Native Hawaiian cultural access to Mauna Kea limited

Native Hawaiian cultural access to Mauna Kea limited
Native Hawaiian cultural access to Mauna Kea limited
Native Hawaiian cultural access to Mauna Kea limited

MAUNA KEA, HAWAII (HawaiiNewsNow) - The Board of Land and Natural Resources confirms an emergency ruling is scheduled for Friday to adopt new restrictions regulating use
within a one-mile area of the Mauna Kea access road.
A draft of the new rules under consideration "To Protect Against Imminent Peril To Public Safety and Natural Resources", according to the state, includes restricting access between 8 p.m. and 5 a.m. and prohibiting backpacks, tents or blankets.
The land board will meet July 10, 2015 at 9 a.m. at the Kalanimoku Building (1151 Punchbowl Street) in the Land Board Conference Room
Eleven days after Thirty Meter Telescope protesters forced construction crews to turn around by moving rocks onto the Mauna Kea summit
road, the roadway remains closed.
Protesters, who call themselves Protectors, cleared the rocks and boulders the following day, and a grader has been up the mountain at least three times since then -- but officials maintain road conditions are too hazardous to re-open to the public.
Cultural practitoners have been allowed access with a ranger escort for several days, but as of Friday, the Office of Mauna Kea Management began limiting that to about ten people once a day at 1 p.m. so long as personnel is available.

 "We appreciate the rangers doing what they can but the state and UH and OMKM have to do a better job of gauranteeing those rights. You can't say there's only enough funds for one 1 o'clock show to see Akua (God). Especially while all day long telescope workers are going up and down the mountain without any escort and without any concern for public health and safety," Lakea Trask, an Aloha 'Aina advocate.

State officials say the arrangement was approved by protesters more than a week ago, but Aloha 'Aina leadership says that's a miscategorization
of a discussion they had with one ranger and DLNR agent to schedule access for a small group wishing to pray at an 'ahu or altar that has been erected on the mountain.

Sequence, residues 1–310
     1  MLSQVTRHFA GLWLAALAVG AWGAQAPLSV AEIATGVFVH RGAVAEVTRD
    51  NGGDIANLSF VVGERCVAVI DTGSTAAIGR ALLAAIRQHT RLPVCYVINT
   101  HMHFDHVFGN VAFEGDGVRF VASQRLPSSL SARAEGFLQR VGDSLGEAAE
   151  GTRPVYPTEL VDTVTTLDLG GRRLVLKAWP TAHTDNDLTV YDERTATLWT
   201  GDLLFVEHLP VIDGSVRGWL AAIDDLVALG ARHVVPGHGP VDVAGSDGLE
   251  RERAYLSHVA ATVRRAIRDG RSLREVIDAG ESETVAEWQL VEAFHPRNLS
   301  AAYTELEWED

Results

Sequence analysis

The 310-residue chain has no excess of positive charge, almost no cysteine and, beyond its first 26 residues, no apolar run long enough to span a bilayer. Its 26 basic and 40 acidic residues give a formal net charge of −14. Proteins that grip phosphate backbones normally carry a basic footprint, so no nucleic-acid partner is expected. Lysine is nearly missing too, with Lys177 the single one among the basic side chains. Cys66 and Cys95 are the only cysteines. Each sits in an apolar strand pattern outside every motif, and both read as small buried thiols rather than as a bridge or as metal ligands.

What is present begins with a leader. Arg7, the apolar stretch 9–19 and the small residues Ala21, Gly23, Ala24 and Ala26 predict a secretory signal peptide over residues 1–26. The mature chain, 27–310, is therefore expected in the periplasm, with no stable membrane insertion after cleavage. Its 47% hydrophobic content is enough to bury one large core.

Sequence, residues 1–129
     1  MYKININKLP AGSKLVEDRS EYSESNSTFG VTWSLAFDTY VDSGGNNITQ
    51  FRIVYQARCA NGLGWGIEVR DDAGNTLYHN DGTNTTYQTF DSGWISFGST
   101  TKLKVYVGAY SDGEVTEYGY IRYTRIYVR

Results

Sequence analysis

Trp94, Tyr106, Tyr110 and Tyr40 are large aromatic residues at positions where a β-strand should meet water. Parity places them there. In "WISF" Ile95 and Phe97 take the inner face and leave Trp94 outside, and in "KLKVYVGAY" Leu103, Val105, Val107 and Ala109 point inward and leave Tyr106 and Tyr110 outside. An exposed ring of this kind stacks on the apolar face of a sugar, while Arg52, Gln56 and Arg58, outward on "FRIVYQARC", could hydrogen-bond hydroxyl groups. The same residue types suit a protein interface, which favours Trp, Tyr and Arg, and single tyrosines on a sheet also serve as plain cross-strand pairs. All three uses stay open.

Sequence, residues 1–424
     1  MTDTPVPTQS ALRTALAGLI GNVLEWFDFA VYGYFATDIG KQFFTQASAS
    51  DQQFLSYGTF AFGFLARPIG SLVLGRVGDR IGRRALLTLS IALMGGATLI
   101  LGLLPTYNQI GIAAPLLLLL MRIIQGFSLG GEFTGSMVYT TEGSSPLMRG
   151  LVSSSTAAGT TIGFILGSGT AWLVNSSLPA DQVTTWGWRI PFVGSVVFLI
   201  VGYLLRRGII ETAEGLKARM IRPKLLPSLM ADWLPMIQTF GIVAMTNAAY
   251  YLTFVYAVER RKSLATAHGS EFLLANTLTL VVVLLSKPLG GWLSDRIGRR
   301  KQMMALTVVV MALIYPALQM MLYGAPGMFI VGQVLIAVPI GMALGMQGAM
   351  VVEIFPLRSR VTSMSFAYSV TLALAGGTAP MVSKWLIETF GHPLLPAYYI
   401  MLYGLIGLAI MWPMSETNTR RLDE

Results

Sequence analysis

Native Hawaiians who wish to access the mountain for religious and cultural practices say their rights are being trampled.
"The legislature notes that the University must accommodate Hawaiian rights contained in Article 12, Section 7 of the Constitution. What we have here is a flagrant, flagrant and ongoing violations of Hawaiian cultural rights that are consitutionally protected and considered international human rights that are continuously being ignored by the state," said Miliani Trask, a United Nations human rights expert.
State officials cite the Office of Mauna Kea Management's Comprehensive Plan, which says: "The exercise of Native Hawaiian cultural practices
is a legally and constitutionally protected right and UH will safely accommodate individuals and groups wishing to exercise such traditional practices or customs, subject to the reasonable regulation of such rights as permitted by law."  It goes on to clarify that reasonable regulation includes public safety.
Office of Hawaiian Affairs Trustee Rowena Akana says some kind of compromise needs to be reached immediately.
"It is a right that they should be afforded, no question about that. There is law and precedent that allows for this. The key is going to be working out a fair and dignified plan so that people are not groveling," said Akana.
According to UH officials, they got a heads-up over the weekend at least 24 people wanted to go up the mountain for a ceremony.  They say they worked with DLNR to manage the road block to escort the larger group without incident.

 State officials say while the summit road is only open to authorized vehicles, the public can still access the summit by using the hiking trail.

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